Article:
2. Type Diskpart.
  3. Press OK.
  4. Click Yes.
  5. Type “list disk” without quotes and then press Enter. A list of disks connected to your computer will appear. Make a note of the SD card’s drive number.
  6. Type “select disk 5” without quotes. Replace the number 5 with the number of your SD card.
  7. Press Enter.
  8. Type “clean” without quotes and then press Enter.clean-sd-card
  9. Type “create primary partition” without quotes and then press Enter.
  10. Type “format fs=ntfs” without quotes and then press Enter.format-sd-card

You should end up with a freshly formatted NTFS SD card. You can also choose to replace NTFS with FAT32 if you prefer to format it for devices that use the FAT32 file system.

Try Changing the Drive Letter

Sometimes changing the drive letter of the SD card will help your device format it. You can choose any unused letter on your system.

  1. Press Windows key + X.
  2. Choose Disk Management.
  3. Click Yes.
  4. Right-click your SD card.
  5. Choose Change Drive Letter and Paths.change-drive-letters-and-paths
  6. Click Change.
  7. Choose a new drive letter from the drop-down menu.
  8. Click OK.change-drive-letters
  9. Try to format the disk again.

If you can format it in Windows after changing the drive letter, try doing it again in the device the card is destined for. CHKDSK

The CHKDSK utility on Windows scans drives for errors and tries to fix them. As long as the card is connected to your computer, it’s treated as a drive. This means you can use utilities like CHKDSK to find problems on the SD card that prevent it from undergoing a format. 

  1. Press Windows key + X.
  2. Choose Windows PowerShell (Admin)
  3. Click Yes.
  4. Type “chkdsk D: /f /r” without quotes. Replace D with the drive letter of your SD card.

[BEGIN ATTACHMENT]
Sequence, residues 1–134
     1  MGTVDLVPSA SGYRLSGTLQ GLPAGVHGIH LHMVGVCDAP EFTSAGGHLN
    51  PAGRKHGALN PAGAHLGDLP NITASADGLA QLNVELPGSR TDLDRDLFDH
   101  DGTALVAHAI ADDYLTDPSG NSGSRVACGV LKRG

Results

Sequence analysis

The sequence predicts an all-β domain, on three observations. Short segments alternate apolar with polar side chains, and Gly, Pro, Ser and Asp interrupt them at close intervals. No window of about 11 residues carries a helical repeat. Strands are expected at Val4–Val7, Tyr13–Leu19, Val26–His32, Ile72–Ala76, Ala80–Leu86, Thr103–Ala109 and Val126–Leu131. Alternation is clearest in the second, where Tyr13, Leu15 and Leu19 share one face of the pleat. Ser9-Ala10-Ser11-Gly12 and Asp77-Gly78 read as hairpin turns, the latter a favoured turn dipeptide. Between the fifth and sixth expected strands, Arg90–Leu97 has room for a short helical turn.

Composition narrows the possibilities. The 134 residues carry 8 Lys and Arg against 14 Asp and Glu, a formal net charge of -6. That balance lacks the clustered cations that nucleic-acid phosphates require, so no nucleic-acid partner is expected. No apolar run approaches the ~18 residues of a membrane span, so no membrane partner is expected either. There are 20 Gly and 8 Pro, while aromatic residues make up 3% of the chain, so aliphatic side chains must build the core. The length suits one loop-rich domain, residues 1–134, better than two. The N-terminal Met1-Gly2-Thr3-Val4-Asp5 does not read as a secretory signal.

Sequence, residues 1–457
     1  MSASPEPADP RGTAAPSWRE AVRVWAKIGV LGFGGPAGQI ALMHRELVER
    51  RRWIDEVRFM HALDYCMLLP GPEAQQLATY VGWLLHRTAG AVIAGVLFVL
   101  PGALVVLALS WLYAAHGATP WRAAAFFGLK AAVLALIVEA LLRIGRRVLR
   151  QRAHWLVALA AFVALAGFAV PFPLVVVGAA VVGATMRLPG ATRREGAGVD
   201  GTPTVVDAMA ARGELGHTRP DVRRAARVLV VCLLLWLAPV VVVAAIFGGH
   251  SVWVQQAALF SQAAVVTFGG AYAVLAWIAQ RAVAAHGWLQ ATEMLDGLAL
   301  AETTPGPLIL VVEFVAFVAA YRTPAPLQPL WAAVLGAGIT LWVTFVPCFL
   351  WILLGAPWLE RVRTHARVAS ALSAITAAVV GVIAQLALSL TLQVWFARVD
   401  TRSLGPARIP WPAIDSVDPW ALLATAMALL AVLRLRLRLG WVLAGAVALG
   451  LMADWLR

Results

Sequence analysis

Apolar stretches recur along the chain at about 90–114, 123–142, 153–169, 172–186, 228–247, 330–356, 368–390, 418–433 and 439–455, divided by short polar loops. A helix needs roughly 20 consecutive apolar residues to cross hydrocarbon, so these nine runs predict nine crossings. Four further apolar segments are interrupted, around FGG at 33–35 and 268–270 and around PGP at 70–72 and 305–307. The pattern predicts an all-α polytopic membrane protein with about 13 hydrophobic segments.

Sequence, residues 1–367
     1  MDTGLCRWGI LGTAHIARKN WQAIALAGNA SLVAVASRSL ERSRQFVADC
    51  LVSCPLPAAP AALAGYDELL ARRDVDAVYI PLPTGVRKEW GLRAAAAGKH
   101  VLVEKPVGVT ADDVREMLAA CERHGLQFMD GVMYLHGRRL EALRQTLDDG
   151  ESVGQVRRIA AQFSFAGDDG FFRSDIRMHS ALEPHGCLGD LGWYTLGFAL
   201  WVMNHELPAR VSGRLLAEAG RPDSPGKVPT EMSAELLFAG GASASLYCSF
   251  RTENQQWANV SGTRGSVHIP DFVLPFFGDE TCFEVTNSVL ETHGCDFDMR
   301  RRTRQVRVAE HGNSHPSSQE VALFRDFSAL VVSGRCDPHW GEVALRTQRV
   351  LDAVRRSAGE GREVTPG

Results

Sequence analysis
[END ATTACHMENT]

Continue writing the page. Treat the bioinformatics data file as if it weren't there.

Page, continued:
5. Press Enter.chkdsk-command-running-on-sd-card
  6. Wait for the utility to finish.
  7. Try to format the SD card again. 

If CHKDSK finds problems but cannot repair them, you might need to consider purchasing a new card. 

Reset Your Devices

If you’re only having trouble resetting it on a specific device – like a phone or a camera – try resetting the device to default settings. It could be a problem with the device itself that prevents the card from formatting.

This is a last-ditch resort that might help – but often, if you come to this point, the card simply doesn’t work. 

Replace the Card

Unfortunately, an SD card that can’t be removed from read-only mode and won’t format is often a dead SD card. It saves the data on the card and warns you not to use it anymore when it doesn’t work any longer and has damage or unfixable errors.

If your SD card has reached this point, check out other options. It’s better to buy something new than risk losing your data with a dead card. Also, don’t forget to check your warranty. Sometimes you might be able to get it replaced for free.